Personally, I don’t like the idea of renting as a tenant for the longer term because first we know we’ll be staying in Singapore for a much longer period and second the rental that we pay goes straight as an expense to us when we could have used that rent to pay down the loan and increase the equity portion over time.
Of course, this wins hands down than paying for an overvalued property which is sending your equity straight to hell.
Why Not HDB?
We’ve contemplated this option by selling our current unit and then move to a HDB now that we’ve become Singaporeans and are eligible for it.
Unfortunately, we were not able to find the right match after a few tries with the location plus value that we’ve overall considered.
New or Resale?
I’ve probably mentioned this in the last few articles I wrote but there’s no way we could find value in most if not all the new private property development that were recently launched.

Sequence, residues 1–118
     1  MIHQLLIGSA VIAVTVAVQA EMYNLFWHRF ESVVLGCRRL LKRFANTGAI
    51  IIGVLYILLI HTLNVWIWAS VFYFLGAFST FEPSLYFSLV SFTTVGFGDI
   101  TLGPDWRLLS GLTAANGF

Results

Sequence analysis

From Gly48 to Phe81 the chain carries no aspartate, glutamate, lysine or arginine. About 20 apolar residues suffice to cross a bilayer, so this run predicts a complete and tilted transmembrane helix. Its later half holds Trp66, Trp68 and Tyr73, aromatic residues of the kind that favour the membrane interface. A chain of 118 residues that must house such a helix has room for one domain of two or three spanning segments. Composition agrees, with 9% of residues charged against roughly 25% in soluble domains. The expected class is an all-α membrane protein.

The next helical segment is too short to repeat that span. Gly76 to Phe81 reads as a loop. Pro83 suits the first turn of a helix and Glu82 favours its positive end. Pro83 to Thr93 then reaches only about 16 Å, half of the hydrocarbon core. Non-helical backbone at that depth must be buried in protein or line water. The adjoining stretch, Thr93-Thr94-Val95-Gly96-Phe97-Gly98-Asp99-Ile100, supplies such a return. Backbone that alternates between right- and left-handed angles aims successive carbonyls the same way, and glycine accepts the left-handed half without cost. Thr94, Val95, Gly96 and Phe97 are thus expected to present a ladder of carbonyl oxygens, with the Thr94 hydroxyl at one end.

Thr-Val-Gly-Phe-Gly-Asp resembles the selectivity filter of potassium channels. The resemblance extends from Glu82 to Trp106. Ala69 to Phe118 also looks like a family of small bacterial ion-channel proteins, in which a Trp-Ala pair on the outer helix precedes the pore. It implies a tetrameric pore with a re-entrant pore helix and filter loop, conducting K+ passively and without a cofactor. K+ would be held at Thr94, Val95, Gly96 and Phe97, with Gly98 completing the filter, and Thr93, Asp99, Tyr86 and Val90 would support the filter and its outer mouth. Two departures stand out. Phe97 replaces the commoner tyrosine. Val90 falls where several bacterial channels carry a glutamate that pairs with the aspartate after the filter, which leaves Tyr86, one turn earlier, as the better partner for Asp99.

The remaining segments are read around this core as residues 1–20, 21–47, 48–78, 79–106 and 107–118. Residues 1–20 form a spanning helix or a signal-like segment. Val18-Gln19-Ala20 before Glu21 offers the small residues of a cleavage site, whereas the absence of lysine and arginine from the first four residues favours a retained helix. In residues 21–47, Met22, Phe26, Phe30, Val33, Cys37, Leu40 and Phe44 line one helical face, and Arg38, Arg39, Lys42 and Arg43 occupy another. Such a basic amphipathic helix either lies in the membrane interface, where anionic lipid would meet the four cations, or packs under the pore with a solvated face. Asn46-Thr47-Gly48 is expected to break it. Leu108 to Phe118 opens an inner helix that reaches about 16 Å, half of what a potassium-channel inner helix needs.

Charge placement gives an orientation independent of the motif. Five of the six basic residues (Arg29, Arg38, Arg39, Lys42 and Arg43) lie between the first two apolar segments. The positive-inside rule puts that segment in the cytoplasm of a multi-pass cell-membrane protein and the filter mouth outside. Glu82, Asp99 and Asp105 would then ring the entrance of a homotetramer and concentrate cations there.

To put numbers into perspective, the two new integrated development – Woodleigh Residence was being marketed at approximately $1,850 psf while Sengkang Grand Residence was marketed at approximately $1,750 psf.
Pullman Residence @ Newton (former Dunearn Gardens) was launched at $3,000 psf.
Meyer Mansion was launched at $2,715 psf.
Avenue South Residence was launched at $1,780 psf.
Even the latest and only EC launched this year for Piermont Grand @ Sumang was marketed at $1,108 psf.
Given how heated the market is for these new development, it is very difficult for us to find good value and to be frank neither can we afford to pay such a hefty price.
We went for a resale development and found a few that was good hidden gems.
Some of these units provide good value and pretty much fit into everything we were looking for.
What Are The Criterions We Were Looking For?